Once you’ve had time to play with the concepts of Posture and Balance, start “tuning your instrument,” adjusting your body’s lines and qualities of movement to adhere to the aesthetic demands of Argentine Tango. Out of necessity there are important departures from Neutral Posture as one redefines “ideal posture” to accommodate “ideal tango posture.” The following is a progressive list of musculoskeletal shifts designed to align the tango dancer’s posture in order to economize movement and achieve the desired aesthetic.

1. Collect your feet

Promotes subtle weight shifts and clear directional signals over a clearly defined axis.

a. Stand in your Neutral Posture (described above)
b. Bring your thighs closer together so that there is little space between your feet
c. Practice walking: front, side and back, while maintaining this alignment

2. Shape your legs and feet

Promotes lateral stability, collection, and long “lines” of the legs and feet.

a. Stand in your Neutral Posture
b. Collect your feet, allowing a slight outward rotation of your legs and feet below the knees*

*Practice standing with legs/feet both in parallel and turnout (outward rotation from the hip … think ballet). Explore the range of motion available below the knees (including the lower leg and foot) without rotating from your hips. Be careful not to work so hard as to change the neutral placement of your feet. This tango aesthetic promotes Collection of the legs, limiting the space between your legs as you bend and move.

c. Shift weight onto one foot, maintaining both feet on the floor but with the gesture foot (non-weighted side) gently rolled in (everted), keeping the inner edge of the gesture foot in contact with the floor. This promotes continued collection of the legs and feet, minimizing space and articulating their shape.

3. Shift your COG (center of gravity)

Shifting your COG slightly forward creates space for the legs and feet to move while maintaining an effective connection to your partner (most desirable in a closed embrace).

a. Shift your ribcage incrementally forward while maintaining your hips back over your heels (neutral) and arms in a lightly-toned embrace shape. You should feel a subtle compression between partners at each contact point.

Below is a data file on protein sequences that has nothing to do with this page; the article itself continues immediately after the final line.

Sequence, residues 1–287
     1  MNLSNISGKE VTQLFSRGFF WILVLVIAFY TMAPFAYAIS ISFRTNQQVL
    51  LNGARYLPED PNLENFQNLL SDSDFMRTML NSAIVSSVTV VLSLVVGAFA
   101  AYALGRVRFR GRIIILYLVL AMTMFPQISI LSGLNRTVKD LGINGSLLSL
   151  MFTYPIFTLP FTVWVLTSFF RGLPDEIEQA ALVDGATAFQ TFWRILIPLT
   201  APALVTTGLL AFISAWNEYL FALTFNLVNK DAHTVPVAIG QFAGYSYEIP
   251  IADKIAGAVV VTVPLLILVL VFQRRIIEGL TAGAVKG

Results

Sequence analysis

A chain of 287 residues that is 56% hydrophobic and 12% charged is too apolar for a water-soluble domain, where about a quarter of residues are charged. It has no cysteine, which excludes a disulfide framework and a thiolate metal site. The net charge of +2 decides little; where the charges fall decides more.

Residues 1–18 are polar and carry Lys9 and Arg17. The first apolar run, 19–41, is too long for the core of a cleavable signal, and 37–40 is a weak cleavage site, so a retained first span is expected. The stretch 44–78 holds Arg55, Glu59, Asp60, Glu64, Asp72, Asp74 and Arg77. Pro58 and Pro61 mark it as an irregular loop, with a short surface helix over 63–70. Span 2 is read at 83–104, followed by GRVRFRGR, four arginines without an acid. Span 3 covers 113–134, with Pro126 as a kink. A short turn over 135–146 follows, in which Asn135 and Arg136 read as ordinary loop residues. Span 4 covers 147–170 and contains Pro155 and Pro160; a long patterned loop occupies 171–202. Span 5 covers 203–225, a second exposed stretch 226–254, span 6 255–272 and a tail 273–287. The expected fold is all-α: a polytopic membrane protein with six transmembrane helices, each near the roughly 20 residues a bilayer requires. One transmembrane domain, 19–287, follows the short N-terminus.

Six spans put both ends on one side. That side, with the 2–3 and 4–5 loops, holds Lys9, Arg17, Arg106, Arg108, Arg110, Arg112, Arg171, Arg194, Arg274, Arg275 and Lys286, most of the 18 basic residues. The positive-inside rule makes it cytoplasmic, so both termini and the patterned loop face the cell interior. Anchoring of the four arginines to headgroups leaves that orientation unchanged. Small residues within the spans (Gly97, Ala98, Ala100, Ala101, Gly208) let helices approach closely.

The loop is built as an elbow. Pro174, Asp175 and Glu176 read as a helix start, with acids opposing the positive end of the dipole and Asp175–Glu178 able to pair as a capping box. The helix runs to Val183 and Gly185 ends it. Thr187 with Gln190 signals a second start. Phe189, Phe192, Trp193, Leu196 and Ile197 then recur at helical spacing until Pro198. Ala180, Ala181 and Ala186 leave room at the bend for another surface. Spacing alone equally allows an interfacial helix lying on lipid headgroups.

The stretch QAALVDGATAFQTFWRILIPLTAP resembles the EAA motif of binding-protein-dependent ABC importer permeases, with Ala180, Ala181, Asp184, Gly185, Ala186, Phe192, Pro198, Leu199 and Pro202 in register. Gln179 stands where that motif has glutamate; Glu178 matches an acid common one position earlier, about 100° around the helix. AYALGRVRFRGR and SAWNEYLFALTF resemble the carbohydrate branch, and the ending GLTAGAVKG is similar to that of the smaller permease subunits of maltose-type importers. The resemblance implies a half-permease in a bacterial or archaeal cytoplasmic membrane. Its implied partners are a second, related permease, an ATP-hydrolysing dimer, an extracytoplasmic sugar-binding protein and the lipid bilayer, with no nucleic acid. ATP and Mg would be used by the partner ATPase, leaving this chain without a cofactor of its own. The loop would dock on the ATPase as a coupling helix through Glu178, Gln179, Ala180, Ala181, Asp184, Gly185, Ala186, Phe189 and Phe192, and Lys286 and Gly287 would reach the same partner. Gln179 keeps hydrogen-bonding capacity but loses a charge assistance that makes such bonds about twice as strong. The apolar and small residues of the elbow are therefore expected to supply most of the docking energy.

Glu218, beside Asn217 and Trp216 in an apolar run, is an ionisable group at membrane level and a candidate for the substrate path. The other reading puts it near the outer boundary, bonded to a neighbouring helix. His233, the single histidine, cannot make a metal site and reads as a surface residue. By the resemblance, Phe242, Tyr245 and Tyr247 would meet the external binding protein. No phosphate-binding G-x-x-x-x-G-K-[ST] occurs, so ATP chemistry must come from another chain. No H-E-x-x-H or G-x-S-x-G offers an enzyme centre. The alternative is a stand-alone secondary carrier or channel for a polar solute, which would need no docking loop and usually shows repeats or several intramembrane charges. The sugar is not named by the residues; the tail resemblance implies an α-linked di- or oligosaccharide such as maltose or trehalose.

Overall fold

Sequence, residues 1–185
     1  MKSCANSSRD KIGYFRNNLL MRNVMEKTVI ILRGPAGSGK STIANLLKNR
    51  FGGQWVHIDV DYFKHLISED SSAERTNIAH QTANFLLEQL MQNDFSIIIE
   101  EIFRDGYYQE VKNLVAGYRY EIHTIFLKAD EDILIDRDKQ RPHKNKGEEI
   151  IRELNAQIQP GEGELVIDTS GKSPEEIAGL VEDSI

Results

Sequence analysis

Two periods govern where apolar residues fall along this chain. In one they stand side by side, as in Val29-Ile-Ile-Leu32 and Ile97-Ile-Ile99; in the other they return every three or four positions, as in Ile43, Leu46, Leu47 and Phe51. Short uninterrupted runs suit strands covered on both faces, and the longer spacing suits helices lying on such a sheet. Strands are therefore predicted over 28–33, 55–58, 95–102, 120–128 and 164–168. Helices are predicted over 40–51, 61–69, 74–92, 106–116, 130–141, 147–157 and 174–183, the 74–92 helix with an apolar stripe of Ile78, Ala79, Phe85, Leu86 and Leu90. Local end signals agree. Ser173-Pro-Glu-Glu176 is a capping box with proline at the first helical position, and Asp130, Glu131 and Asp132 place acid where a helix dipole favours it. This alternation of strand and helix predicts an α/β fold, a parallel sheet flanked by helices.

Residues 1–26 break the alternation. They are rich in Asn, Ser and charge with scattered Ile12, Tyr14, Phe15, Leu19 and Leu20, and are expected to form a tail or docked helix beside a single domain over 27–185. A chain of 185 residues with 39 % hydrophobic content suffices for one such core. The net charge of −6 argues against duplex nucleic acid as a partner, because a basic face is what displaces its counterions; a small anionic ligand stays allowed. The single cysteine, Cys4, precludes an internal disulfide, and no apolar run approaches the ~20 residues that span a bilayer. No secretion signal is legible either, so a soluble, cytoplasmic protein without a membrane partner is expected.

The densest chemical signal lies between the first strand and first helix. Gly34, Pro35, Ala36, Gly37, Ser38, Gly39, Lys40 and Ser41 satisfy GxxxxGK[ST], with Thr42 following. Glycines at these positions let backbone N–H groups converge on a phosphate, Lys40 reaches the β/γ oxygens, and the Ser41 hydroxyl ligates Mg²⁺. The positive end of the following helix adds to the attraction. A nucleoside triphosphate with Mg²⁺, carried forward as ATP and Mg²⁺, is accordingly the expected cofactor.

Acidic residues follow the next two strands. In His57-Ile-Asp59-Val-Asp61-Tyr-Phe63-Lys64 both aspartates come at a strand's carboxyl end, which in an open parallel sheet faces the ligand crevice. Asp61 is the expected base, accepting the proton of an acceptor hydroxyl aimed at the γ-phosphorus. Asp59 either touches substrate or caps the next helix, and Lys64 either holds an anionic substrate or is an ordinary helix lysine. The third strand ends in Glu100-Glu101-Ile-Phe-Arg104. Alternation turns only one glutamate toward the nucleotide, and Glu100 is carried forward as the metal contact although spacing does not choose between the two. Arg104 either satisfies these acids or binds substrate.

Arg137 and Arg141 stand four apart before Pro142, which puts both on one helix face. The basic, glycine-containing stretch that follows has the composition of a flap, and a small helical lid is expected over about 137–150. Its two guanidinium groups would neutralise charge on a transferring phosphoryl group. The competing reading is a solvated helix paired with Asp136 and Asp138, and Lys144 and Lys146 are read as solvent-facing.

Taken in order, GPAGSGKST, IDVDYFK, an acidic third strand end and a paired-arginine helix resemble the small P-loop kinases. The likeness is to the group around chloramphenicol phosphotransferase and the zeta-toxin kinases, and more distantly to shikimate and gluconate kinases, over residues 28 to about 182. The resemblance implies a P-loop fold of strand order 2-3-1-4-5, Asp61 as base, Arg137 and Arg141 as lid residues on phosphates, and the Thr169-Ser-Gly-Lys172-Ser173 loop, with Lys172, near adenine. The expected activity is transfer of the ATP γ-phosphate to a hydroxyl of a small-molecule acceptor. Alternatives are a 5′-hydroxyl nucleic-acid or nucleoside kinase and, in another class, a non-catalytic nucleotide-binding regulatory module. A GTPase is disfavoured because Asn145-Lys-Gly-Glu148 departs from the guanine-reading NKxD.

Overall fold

b. Maintain this compression as you walk around the room with your partner.

4. Posture, Balance, Collect, Shape and Shift

Consciously apply these concepts separately and together. Explore the information from the “inside,” seeing how they interact and support each other. Strive to find the perfect balance between what you’ve learned about your anatomy and how you move in your tango body. Experience this connection first to yourself and then with a partner. Rely on your ability to move and dance independent of your partner first and then as a couple, supportive of and yet interdependent within the embrace.

The study of the Human Anatomy will contribute greatly to your success as a Tango Dancer. Knowing the fundamentals of posture, balance, static and dynamic equilibrium can shave off years of not knowing whether what you’re doing is correct or not.

In addition to gathering valuable insights from teachers in your life, learn to appreciate the simple truths that are easily gained by standing well and moving well within a knowledgeable body. Understanding your body and enjoying the grace and awareness that comes from it will be the greatest gift you can give to yourself and to each and every connection you make on the tango floor.

Eric Zimmer, BS Health and Human Performance, ACE certified Advanced Personal Trainer, Stott Certified Pilates Instructor, and Professional Dance Teacher

References:

  • Manual of Structural Kinesiology, R.T. Floyd, 2009
  • Dance Anatomy and Kinesiology, Karen Clippinger, 2007

January, 2014